Daily Archives: 2012-02-24 21:07:09 UTC

Appendix to my “concluding response” — that ca.4 letter word MIDRASH

This is tiresome, but I forgot to mention one more tiresome detail in Dr McGrath’s “review” (isn’t a review supposed to inform readers of what the book being discussed actually says??) —

McGrath compares Doherty’s use of the word “midrashic” with how a related word is apparently used by Barbara Thiering and John Shelby Spong. McGrath even links Thiering and Spong together as if they have a similar approach to New Testament studies.

McGrath has the ignorance, the gallstones, the ignorance (one is not allowed to use a word that relates to “truth-telling” or “lying”) to compare Doherty’s — and now Spong’s too! — use of the word “midrash” to that of Barbara Thiering’s use of another word, pesher.

It’s a pity Dr James McGrath was not sitting beside me when I attended a session where John Shelby Spong was the main speaker and at which he was asked about the works of Barbara Thiering. He would have learned that any similarity in thought between the two scholars could only come from the most creative cartoonists Hollywood has produced.

It’s also a pity that Dr James McGrath has not had the time or interest to familiarize himself with any of Spong’s scholarly background or publications. If he ever does get the chance to do so he will learn that Spong is Michael Goulder’s successor of sorts, and is advancing Goulder’s arguments, with refinements more or less. (Has Dr McGrath even ever heard of Michael Goulder? One only has limited free time when one’s teaching curriculum requires so many hours of watching Dr Who! and contemplating each program’s “intersects” with religion).

But back to this use of the word “midrashic” that McGrath takes such strong objection to.

I have said enough and do not want to repeat myself. I simply invite Dr McGrath (Is he sticking his fingers in his ears right now and shouting “La La La, I can’t hear you!”?) to review what Jewish scholars of midrashic literature themselves say about the Gospels containing or even being “midrash”, not to mention his very own New Testament scholarly peers! —

Midrash and the Gospels 1: Some definitions and explanations

Midrash and the Gospels 2: debates in the scholarly sphere

Midrash and Gospels 3: What some Jewish scholars say (and continuing ‘Midrash Tales of the Messiah’)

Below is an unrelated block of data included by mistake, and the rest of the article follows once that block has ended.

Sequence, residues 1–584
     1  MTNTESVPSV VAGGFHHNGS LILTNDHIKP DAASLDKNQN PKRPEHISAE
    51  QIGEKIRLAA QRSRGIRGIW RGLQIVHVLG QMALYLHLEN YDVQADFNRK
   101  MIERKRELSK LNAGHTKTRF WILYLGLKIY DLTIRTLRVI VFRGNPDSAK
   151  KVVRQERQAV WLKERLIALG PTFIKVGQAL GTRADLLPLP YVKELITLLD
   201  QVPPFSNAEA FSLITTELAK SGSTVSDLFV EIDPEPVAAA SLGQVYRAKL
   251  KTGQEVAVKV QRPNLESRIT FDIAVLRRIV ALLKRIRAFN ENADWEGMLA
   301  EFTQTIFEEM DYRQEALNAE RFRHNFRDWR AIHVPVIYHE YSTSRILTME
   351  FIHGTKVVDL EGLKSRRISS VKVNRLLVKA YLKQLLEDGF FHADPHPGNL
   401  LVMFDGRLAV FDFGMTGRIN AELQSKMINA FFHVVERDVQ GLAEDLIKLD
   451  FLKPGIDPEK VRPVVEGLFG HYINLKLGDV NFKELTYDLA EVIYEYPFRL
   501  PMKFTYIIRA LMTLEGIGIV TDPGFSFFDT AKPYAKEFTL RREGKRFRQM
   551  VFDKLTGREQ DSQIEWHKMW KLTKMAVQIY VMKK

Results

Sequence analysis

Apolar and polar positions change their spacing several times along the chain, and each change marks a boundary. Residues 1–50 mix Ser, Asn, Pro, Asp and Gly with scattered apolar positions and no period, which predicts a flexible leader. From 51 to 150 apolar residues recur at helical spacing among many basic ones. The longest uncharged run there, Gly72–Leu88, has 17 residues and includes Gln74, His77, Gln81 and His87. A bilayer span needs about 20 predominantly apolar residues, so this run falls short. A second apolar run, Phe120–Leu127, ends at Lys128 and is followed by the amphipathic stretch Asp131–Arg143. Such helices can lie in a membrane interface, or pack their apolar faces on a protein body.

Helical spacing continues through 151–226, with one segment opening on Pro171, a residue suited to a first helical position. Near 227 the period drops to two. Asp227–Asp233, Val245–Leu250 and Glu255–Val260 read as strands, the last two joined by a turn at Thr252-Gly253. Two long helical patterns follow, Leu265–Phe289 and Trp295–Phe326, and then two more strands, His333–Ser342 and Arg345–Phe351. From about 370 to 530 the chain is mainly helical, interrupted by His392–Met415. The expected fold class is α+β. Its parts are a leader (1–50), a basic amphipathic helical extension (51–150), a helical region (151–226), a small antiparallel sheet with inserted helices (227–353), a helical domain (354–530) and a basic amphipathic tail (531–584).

Messiahs, Midrash and Mythemes — more comparisons with the Gospels

McGrath actually wrote the following bollocks: read more »

Concluding my response to Dr McGrath’s “review” (sic) of chapter 10 part 2

Dr McGrath’s “reviews” (sic) of Earl Doherty’s book are what you get when a reviewer has made up his mind beforehand that he is going to read nothing but nonsense — except for any tidbits that happen to be repeats of mainstream scholarly views anyway — written by an ignorant charlatan whom he (the reviewer) is convinced has never engaged with the scholarship, is poorly read and only ever uses scholarly works tendentiously and dishonestly.

Approaching a book with this conviction will make it impossible to read the book on its own terms. One will be expecting to find rubbish and this expectation becomes a self-fulfilling prophecy. It will lead the reviewer to jump scornfully on sentences here and half paragraphs there and scoff before he has even taken the time to grasp what anyone else without “attitude” would read.

I know. I have done the same myself.

When I was beginning to leave a religious cult I picked up a book on how cults psychologically manipulate their members. I was still sensitive enough to be offended by such a suggestion and I read the book with hostile intent and wrote all sorts of objections in the margin. Years later I picked up the book again, with my pride having mellowed, and shook my head in amazement at how my notes betrayed a mind that was completely shut to what the author was really saying. My notes were testimony to my closed mind, not to any inadequacies in the book at all.

I list here McGrath’s objections to Doherty’s work with quotations from Doherty’s book that belie anything McGrath thinks he sees in it.

A year ago I posted the Ascension of Isaiah and highlighted the passages that demonstrate the thrust of Earl Doherty’s argument that this text is an example of the sorts of beliefs we find in Paul’s letters about Christ not being crucified on earth. Interested readers of this post will find that earlier post of some benefit in understanding the argument that follows. It is a complex subject and it is good to have some clear overview of the basics before one takes on the opposing arguments.

One man’s picture-frame is another man’s scaffold

McGrath begins by misinforming readers that the Ascension of Isaiah is “central” to Doherty’s argument that the crucifixion of Jesus took place in a dimension beyond earth and history.

Also central to Doherty’s argument is a work known as The Ascension of Isaiah . . . .

This brings us to the crux of Doherty’s views. Doherty’s entire argument for mythicism can be viewed as an attempt to regard some parts of the Ascension of Isaiah as both the key to understanding the New Testament, and the fountainhead of what eventually became Christianity.

Wow, now that makes the Ascension of Isaiah really critical. Surely sounds like if the AoI goes so does Doherty’s entire argument.

But read what Doherty’ himself says about the place of the Ascension of Isaiah for his argument and wonder how McGrath could so fundamentally misrepresent his use of this text. read more »